Numerical testing and comparisons were carried out on the high dimensional Multiple Myeloma dataset available at: http://lambertlab.uams.edu/publicdata.htm. The structure of this dataset with very large n and (m<<n) results from the DNA microarray dataset used. Hence, feature selection is very desirable in such high dimensional problems. Other tests and comparisons were also carried out on six moderately dimensioned, publicly available datasets described below. Multiple Myeloma Dataset Multiple Myeloma is cancer of the plasma cell. The plasma cell normally produces antibodies that destroy foreign bodies such as bacteria. As a product of the Myeloma disease the plasma cells produce a tumor. These tumors can grow in several sites, usually in the soft middle part of bone, i.e., the bone marrow. When these tumors appear in multiples sites, they are called Multiple Myeloma. A detailed description of the process used to obtain the data can be found in David Page, Fenghuang Zhan, James Cussens, Michael Waddell, Johanna Hardin, Bart Barlogie, and John Shaughnessy, Jr., “Comparative data mining for microarrays: A case study based on multiple myeloma,” Technical Report 1453, Computer Sciences Department, University of Wisconsin, November 2002. The Multiple Myeloma data set consists of 105 data points. 74 of the points represent newly-diagnosed multiple Myeloma patients while 31 points represent 31 healthy donors. Each data point represents measurements taken from 7008 genes using plasma cell samples from the patients. For each one of the 7008 genes, there are two measurements. One measurement is called Absolute Call (AC) and takes on one of three nominal values: A (Absent), M (Marginal) or P (Present). The other measurement, the average difference (AD), is a floating point number that can be either positive or negative. Once this simple conversion is applied to the dataset, the AC feature space is transformed from a 7008-dimensional space with nominal values A, M, P into a 7008×3=21024 real-valued dimensional space. Adding the numerical AD feature for each of the 7008 genes results in each data point being transformed to a point in R Performance of the NLPSVM algorithm of the invention on the Myeloma dataset, in terms of feature selection and generalization ability, is first compared with two publicly available SVM solvers: the LSVM described in O. L. Mangasarian and D. R. Musicant, “Lagrangian support vector machines,” Journal of Machine Learning Research, 1:161-177, 2001 and the NSVM described in G. Fung and O. L. Mangasarian, “Finite Newton method for Lagrangian support vector machine classification,” Technical Report 02-01, Data Mining Institute, Computer Sciences Department, University of Wisconsin, Madison, Wis., February 2002. Reported times for the LSVM here differ from the ones reported in the Mangasarian and Musicant paper because the calculation time for the matrix H of equation (9) is considered as input time in the Mangasarian and Musicant paper, whereas in this disclosure it is counted as part of the computational time. The other algorithm included in this comparison consists of solving the linear programming formulation (20) employing the widely used commercial solver CPLEX 6.5, commercially available from the ILOG CPLEX Division of CPLEX, Inc, Incline Village, Nev. This approach can be referred to as CPLEX SVM. Termination criteria for all methods, with the exception of CPLEX SVM, was set to tol=0.001, which is the default for LSVM. For CPLEX SVM, the termination criterion used was the default supplied in the commercial CPLEX package. Outlined below are some of the results of the comparative testing. All three methods tested, NSVM, NLPSVM in accordance with the invention, and CPLEX SVM, obtained 100% leave-one-out correctness (looc). The following tuning procedure was employed for each of the 105 folds: -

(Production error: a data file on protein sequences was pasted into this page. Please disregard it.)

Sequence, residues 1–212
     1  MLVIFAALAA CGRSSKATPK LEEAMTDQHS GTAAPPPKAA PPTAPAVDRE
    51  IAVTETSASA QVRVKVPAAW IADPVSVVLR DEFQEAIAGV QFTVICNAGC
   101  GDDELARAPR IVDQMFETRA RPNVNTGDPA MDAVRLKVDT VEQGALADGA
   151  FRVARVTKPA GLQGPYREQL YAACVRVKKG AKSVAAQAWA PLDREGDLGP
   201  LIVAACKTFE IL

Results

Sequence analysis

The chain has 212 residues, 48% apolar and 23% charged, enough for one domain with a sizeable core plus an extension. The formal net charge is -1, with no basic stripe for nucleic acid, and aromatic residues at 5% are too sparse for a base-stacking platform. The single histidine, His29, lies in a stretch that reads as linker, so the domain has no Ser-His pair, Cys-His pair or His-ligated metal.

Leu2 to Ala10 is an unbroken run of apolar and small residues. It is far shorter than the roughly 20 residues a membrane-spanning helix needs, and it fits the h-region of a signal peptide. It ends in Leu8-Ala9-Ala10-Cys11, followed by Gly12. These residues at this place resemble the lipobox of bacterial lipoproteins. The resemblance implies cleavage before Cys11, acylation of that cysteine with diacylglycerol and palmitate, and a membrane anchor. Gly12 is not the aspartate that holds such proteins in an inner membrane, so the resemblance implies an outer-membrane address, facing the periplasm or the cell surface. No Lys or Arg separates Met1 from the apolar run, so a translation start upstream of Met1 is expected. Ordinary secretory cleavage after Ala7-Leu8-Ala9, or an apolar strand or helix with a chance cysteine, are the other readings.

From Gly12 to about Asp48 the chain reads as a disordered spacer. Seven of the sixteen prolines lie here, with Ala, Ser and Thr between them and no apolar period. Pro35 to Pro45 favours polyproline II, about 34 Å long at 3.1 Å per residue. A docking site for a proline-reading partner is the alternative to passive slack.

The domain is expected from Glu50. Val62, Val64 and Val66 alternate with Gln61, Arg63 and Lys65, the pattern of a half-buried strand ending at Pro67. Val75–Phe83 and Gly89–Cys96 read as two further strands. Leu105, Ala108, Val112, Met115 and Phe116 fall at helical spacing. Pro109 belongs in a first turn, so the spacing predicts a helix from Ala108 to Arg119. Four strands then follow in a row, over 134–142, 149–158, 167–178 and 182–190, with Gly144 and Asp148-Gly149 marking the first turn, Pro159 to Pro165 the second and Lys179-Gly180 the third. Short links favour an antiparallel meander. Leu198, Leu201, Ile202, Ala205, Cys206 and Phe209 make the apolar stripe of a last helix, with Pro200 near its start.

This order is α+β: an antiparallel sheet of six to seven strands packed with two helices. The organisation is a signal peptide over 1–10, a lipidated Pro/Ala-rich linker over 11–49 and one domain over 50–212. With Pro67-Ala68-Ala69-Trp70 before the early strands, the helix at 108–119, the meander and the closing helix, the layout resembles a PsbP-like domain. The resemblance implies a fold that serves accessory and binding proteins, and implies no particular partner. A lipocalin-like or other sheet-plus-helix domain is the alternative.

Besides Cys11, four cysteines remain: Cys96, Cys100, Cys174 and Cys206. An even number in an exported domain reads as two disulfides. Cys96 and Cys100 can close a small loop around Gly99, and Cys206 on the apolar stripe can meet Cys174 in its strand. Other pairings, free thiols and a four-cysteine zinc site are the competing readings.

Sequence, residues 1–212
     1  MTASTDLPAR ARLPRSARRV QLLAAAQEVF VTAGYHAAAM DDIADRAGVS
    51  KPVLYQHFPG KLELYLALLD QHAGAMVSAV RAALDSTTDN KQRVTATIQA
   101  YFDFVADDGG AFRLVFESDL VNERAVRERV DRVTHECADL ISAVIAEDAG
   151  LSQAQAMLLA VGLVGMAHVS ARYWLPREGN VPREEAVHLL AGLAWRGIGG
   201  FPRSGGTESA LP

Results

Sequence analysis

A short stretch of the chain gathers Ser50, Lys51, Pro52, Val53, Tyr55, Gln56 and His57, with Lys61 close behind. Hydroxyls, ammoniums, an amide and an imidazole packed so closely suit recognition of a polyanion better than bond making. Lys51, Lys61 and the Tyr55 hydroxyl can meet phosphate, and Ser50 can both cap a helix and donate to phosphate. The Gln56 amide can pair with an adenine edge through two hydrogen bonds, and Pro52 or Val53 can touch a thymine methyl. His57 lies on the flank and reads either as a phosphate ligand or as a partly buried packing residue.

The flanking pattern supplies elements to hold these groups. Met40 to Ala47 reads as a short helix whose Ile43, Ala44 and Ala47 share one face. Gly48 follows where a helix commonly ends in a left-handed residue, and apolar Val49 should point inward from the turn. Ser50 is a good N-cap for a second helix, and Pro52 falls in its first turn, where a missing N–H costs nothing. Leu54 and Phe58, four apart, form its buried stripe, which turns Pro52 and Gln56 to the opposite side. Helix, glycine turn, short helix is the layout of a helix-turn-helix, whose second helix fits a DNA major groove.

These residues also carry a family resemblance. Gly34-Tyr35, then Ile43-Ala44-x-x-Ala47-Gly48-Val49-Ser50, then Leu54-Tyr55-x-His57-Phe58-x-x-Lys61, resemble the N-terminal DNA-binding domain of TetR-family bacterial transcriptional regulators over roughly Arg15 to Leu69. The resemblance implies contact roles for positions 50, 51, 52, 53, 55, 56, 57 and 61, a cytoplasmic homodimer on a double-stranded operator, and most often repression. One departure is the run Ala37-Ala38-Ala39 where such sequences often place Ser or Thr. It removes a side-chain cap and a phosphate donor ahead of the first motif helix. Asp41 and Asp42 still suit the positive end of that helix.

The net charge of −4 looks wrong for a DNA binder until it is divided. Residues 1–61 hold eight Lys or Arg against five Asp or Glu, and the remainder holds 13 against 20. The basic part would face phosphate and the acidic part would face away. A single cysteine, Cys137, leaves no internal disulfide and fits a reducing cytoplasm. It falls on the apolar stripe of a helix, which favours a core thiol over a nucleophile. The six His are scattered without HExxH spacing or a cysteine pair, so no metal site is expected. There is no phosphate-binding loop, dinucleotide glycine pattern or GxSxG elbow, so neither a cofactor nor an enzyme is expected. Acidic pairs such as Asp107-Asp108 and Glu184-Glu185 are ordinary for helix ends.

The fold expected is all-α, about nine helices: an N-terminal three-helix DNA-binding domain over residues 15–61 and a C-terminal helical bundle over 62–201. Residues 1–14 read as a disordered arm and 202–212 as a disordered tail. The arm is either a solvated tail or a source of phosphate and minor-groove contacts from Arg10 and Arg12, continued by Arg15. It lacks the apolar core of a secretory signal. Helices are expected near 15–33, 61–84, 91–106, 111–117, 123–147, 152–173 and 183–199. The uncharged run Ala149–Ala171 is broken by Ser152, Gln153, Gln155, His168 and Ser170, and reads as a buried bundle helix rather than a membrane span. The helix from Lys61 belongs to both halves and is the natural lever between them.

- A random tuning set of the size of 10% of the training data was chosen and separated from the training set.